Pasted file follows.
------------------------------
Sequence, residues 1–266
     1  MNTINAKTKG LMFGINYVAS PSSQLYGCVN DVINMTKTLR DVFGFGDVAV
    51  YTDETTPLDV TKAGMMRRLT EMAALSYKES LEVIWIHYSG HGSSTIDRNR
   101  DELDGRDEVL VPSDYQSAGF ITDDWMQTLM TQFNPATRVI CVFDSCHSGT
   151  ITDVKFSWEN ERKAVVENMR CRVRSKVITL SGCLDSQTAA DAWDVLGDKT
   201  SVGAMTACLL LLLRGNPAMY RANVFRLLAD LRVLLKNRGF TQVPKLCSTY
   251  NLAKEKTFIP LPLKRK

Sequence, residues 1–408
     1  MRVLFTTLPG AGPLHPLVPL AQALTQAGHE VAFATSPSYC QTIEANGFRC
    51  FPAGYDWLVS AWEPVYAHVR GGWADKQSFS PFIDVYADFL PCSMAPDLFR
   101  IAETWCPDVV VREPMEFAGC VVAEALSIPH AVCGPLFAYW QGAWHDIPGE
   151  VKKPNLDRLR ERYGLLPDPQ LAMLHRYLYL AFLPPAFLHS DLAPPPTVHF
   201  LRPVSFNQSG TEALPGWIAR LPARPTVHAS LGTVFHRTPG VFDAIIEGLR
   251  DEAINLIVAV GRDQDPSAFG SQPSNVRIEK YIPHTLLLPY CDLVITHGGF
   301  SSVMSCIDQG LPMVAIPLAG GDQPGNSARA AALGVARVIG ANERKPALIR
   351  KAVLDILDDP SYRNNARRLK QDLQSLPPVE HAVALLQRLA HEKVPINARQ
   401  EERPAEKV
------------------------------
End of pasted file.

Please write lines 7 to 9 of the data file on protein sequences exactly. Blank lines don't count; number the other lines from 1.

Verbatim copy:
   251  NLAKEKTFIP LPLKRK

Sequence, residues 1–408
     1  MRVLFTTLPG AGPLHPLVPL AQALTQAGHE VAFATSPSYC QTIEANGFRC